Elementary education (EE) in India is the only compulsory level of education extended as a right to all children in the age group 6-14 years. The concern starts from this level itself, when after so many years of independence there has been focus on Universalizing Elementary Education, and after more than a decade of Sarva Shiksha Abhiyan, education was given as a right to children just few years ago. Moreover, since 28 years we have not had any National Policy for Education. Even so, there have been continuous reports on poor basic learning standards in our schools. Children, who struggle to even read, write and comprehend general concepts during basic education level and somehow get through to higher levels of education, shall definitely have poor skills for life as well as livelihood subsequently.

There is a serious need to look at education as a breakthrough in the vicious circle of poverty. Education is the index of nation’s sustainable development apparently. Just as GDP reflects prosperity of the nation at a point of time, the level of education in a country reflects its ability to sustain development over time. Developing nations should not devalue the importance of education. It empowers the population of the country and strengthens the society. The theories of education and contribution of education philosophers of India, relevantly emphasizes providing universal and compulsory education to all children along with imparting skills for life and livelihood through basic education.

Philosophical Perspectives

Primarily, as common man understands, education aims at imparting knowledge. It is this knowledge that requires a global outlook and a synthesis of various types of information and experiences. This relates to the philosophical aspect of education that forms of the base of any education system across the globe. As Plato defines, “True education, whatever that may be, will have the greatest tendency to civilize and humanize in their relation to another’, which is still the most widely accepted theory of education based on humanism.[1].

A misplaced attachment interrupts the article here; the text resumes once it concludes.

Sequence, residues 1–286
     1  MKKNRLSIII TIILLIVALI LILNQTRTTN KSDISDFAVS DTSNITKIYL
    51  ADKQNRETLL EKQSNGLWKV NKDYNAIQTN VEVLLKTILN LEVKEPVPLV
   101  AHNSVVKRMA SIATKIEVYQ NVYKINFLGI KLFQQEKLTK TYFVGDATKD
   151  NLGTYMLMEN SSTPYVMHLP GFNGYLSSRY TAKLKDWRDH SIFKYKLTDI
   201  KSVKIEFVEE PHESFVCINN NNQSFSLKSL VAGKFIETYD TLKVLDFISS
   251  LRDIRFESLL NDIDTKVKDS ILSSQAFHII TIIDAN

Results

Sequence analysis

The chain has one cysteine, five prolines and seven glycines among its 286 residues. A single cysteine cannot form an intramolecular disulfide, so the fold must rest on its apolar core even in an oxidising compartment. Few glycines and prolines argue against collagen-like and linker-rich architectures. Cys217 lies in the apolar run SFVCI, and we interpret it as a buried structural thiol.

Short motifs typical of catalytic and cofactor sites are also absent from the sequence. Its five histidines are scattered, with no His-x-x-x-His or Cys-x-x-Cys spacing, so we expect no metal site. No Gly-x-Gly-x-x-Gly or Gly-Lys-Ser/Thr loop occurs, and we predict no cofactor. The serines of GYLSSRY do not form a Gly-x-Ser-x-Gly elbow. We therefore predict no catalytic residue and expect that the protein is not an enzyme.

The Indian education system ever since the Vedic age was propounded on same humanist principles essentially, extending it to the path of salvation. Historian Altekar has rightly remarked in this context that Indian education has been ‘regarded as a source of illumination and power that transforms and ennobles our nature by progressive and harmonious development of our physical, mental, intellectual and spiritual powers[2].’ The contemporary Indian philosophers of education have also furthered the same essence of education. Their theories seem to be based on the ancient Upanisadic thought, extending to Neo-Vedanta philosophy. Whether it was Sri Aurobindo, Vivekanada, Tagore or Gandhi, ‘all these philosophers with minor differences among them have maintained what can be called Integral Humanism, which is the philosophy of our age.’ (G.R Sharma, 2003).